During his long and successful career, Colin Campbell Cooper was a member of many of the leading art clubs in the United States, including the distinguished National Academy of Design, and the American Watercolor Society.   Examples of his elegant Impressionist paintings can be found in such renowned institutions as the Metropolitan Museum of Art (“View of New York City”), the Dallas Museum of Art (“The Flatiron Building, 1904”), and the White House Collection (“The Capitol at Night”).


Thursday, July 29, 2010

The Landscapes of Hanson Duvall Puthuff


Southern California Early American Impressionist painter Hanson Duvall Puthuff was born to Alonzo Augustus Duvall and his wife, Mary Anne Lee,  on August 21st, 1875 in Waverly, MissouriWhen he was two years old, his mother passed away, and Puthuff was raised by a close friend of his mother’s, Elizabeth Stadley Puthuff.  He eventually assumed her last name.

Photo Credit: “Plein Air Painters of  California – The Southland” by Ruth Westphal


After training at the University of Denver Art School he moved to Southern CaliforniaArriving in Los Angeles in 1903, Puthuff  sometimes worked as a billboard painter over the next several decades.  The billboards were often situated in remote areas, in locations with especially beautiful views.   After completing his work on the billboard, he would pull out his easel and begin to sketch and paint.

"Summer Evening" 24 x 30 AVAILABLE NOW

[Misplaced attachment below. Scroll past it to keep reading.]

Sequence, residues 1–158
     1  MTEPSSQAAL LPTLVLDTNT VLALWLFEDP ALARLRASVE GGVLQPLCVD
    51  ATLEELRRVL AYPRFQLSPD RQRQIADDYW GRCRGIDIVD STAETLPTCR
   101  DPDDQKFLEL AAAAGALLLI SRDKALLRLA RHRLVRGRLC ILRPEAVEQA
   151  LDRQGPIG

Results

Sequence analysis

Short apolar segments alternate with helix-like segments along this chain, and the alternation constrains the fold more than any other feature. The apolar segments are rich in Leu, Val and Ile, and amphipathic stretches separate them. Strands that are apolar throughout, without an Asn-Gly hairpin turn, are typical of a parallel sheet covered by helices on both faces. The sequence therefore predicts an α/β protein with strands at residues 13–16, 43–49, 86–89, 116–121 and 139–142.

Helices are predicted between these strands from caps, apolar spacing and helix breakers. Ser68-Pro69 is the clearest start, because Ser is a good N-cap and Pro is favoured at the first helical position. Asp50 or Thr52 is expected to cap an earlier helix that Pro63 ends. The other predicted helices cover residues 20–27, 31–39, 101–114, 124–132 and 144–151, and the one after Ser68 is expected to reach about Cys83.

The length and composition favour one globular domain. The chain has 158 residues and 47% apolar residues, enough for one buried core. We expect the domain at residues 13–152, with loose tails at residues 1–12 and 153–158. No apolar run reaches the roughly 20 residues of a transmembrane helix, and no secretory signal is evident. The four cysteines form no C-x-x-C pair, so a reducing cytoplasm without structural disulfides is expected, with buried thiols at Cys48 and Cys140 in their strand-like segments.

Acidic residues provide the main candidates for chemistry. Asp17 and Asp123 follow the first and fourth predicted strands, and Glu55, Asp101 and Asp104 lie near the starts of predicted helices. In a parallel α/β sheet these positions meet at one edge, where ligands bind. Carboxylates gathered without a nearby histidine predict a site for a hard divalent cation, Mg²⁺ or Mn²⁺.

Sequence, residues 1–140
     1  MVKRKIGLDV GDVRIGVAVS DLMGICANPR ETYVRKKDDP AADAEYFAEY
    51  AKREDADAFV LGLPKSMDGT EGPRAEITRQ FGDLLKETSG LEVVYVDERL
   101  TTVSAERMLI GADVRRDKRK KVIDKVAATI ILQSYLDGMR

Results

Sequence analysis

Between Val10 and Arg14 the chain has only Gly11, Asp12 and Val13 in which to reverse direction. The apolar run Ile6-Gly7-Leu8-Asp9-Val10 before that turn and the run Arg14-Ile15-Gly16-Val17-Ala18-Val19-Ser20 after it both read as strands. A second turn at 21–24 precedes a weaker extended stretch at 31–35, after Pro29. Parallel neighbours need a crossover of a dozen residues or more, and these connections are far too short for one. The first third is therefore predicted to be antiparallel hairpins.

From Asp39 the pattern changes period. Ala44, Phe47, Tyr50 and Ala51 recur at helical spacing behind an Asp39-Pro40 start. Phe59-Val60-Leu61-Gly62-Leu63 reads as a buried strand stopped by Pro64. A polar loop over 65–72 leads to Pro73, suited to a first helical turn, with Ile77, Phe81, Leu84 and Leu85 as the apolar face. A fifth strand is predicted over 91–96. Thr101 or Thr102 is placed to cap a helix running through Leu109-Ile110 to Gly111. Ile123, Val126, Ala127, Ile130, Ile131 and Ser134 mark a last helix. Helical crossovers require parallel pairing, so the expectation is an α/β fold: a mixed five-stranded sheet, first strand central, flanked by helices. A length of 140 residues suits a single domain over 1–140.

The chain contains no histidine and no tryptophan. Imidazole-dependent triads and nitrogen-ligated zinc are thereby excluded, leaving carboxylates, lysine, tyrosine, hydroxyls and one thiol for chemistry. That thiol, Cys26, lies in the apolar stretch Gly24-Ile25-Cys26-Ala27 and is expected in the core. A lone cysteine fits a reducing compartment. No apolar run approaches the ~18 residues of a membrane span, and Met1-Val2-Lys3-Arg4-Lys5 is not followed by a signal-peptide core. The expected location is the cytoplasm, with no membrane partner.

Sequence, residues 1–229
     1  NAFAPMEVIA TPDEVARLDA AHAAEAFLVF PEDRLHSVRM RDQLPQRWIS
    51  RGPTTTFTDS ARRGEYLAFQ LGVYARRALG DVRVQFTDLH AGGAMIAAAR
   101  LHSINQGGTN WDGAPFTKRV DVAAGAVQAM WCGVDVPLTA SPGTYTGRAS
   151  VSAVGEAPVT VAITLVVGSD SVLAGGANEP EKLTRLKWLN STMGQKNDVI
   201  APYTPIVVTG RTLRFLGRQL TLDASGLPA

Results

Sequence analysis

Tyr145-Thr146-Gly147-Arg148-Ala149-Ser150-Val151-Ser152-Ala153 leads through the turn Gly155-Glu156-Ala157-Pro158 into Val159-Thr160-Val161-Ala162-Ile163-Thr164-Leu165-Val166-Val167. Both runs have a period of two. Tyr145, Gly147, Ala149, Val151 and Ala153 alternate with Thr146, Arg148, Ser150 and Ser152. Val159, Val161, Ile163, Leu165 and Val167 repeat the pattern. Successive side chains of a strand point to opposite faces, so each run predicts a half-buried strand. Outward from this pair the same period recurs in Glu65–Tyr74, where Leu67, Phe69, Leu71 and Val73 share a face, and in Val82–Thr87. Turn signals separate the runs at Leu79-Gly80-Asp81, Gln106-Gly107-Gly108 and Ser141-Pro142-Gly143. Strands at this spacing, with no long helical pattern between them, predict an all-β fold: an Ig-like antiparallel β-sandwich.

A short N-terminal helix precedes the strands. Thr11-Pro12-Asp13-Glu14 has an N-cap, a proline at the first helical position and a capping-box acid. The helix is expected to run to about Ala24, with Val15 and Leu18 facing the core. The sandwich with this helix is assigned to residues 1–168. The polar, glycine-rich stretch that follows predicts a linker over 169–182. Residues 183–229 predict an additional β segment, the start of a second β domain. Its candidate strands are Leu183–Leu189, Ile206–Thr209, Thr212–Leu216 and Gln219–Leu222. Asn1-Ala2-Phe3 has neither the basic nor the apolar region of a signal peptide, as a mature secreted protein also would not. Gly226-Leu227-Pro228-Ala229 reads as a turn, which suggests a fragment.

During this period, he also worked as a theater scene artist, sometimes painting the advertising curtains used in the theaters.  He painted backgrounds for the model train exhibits on display by the Santa Fe Railroad, and background scenery for the animal exhibits at the Museum of Science and Industry in Los Angeles.  One of his most notable accomplishments was the creation of a series of three panoramic dioramas for the Theodore Roosevelt Memorial, commissioned by the American Museum of History in New York.

A family man, Puthuff enjoyed two strong and fulfilling marriages that lasted over thirty years each.  He was the father of five children, twins Lee and Duvall, and Robert, Paul and Matilda.

Around 1926, he began to concentrate full time on his easel paintings and the exhibition of his artworks at various venues.  One of the founders of the Laguna Beach Art Association, Hanson Puthuff is most often remembered for his majestic landscapes and quiet desert scenes. 

"Desert Landscape" SOLD

He enjoyed friendships with a number of well respected Southern California Impressionists, including fellow members of the California Art Club  Edgar Payne,  William Wendt, and Jack Wilkinson Smith.